Information processing researchers don't like quantum field theory? (update)
It has now been officially confirmed. Information processing researchers don't like quantum field theory. My paper Discrete network dynamics. Part 1: Operator theory (which can be found in arXiv at cs.NE/0511027) has been rejected by the Journal of Machine Learning Research. I presume that I should not quote verbatim from the rejection letter. However, the gist of the reasons for rejection were based on reports from two reviewers:
- The need to include more citations to related work. [This is entirely reasonable. I had overlooked some prior work that didn't use the right key words to be caught by my literature search.]
- The need to include a proof of the convergence to the correct joint PDF when multiple iterations of the update operator were used. [I had already proved that a single iteration of the update operator was exactly equivalent to a standard MCMC update, and we already know the convergence properties after multiple iterations of a standard MCMC update, so I don't actually need to provide any proof. There is nothing new to prove!]
- The need to supply explicit examples of MCMC algorithms generated by use of this approach. [The whole section on ACEnet is such an example. I could supply more examples, but the paper is already quite long, and I intend to publish these in future papers in the series.]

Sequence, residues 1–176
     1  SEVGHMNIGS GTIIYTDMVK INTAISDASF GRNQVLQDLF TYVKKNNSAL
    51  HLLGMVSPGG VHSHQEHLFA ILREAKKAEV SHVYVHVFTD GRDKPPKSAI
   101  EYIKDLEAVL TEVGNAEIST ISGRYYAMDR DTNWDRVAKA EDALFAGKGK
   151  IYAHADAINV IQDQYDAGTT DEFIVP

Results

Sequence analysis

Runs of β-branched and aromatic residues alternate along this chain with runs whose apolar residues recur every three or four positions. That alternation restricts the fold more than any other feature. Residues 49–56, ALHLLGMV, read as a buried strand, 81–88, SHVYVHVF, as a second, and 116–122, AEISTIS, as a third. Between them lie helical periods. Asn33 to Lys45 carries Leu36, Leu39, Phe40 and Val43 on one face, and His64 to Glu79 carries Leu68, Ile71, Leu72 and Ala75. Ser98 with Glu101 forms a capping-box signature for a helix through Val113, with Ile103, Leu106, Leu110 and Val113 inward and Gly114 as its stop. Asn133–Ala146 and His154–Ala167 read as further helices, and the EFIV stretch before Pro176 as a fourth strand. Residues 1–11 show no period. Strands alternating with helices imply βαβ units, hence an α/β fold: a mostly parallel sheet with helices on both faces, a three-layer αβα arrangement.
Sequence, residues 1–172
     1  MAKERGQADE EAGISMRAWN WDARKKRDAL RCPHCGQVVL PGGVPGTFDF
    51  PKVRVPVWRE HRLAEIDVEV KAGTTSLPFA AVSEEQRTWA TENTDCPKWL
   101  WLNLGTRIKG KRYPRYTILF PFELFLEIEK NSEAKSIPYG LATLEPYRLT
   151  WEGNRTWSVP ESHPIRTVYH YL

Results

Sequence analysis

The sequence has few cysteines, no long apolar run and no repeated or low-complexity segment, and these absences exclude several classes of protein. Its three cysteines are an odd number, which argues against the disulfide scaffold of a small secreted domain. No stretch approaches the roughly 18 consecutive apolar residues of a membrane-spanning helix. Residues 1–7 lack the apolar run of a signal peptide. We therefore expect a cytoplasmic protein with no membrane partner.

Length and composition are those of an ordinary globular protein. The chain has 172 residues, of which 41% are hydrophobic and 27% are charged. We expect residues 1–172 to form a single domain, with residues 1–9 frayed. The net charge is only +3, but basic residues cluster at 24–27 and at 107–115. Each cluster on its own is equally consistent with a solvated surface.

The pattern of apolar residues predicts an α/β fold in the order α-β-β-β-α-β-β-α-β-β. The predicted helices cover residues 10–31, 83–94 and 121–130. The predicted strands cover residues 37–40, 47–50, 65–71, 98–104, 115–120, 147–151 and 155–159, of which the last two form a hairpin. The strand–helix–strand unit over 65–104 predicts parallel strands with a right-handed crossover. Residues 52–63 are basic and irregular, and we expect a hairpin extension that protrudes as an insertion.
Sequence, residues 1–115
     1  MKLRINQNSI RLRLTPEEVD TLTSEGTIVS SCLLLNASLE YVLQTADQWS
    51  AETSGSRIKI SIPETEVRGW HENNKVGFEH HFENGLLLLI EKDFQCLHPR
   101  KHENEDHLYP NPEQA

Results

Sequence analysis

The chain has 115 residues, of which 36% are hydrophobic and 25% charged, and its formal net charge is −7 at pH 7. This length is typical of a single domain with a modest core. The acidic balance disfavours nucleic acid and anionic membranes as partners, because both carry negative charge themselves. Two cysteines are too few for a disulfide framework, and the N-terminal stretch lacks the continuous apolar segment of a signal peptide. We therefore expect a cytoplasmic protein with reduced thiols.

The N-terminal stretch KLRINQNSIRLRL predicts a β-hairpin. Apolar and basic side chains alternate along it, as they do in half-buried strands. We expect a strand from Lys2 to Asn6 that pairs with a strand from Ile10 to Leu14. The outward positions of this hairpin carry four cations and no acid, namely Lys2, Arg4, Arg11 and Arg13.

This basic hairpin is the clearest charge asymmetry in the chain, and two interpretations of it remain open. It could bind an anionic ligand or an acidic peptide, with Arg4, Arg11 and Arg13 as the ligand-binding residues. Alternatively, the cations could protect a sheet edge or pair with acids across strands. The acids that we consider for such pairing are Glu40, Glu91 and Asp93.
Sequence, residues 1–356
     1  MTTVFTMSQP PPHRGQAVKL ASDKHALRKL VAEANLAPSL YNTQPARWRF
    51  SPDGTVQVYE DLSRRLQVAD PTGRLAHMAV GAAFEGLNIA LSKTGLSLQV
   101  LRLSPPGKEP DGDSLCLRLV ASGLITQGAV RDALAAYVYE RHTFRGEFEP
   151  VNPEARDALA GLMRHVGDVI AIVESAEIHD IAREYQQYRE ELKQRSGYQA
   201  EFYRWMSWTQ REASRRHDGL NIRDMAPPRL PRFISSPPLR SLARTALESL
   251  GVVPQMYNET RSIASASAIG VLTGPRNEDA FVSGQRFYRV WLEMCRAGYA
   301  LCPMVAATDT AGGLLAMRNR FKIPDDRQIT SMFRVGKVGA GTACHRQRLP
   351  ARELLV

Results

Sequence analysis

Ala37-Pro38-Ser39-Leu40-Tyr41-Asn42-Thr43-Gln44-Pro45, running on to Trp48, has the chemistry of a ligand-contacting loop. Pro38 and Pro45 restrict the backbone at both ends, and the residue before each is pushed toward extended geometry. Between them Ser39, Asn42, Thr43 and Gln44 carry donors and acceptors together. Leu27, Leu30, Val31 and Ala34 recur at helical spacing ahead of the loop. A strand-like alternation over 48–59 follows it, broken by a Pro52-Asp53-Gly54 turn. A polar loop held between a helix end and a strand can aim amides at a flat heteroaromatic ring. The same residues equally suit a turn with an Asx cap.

The paper was also sent to a third reviewer who gave an "informal" report which included the statement that my creation and annihilation operators were curious because they anti-commuted. This is news to me, so I invite anyone to point out where I use anti-commuting operators in my paper.
I am disappointed that my paper should be unconditionally rejected. However, it was not a complete surprise to me (see the title of this posting), so I am not even angry about it. The net effect is that there is now a blockage in the way of all subsequent papers in the DND series, where I investigate various consequences of this approach. Never mind, what I do in this sort of circumstance is to dump a highly abbreviated (and thus incomprehensible) version of the paper on an unsuspecting conference somewhere, where it can languish in their proceedings to be read only by the most inquisitive researchers.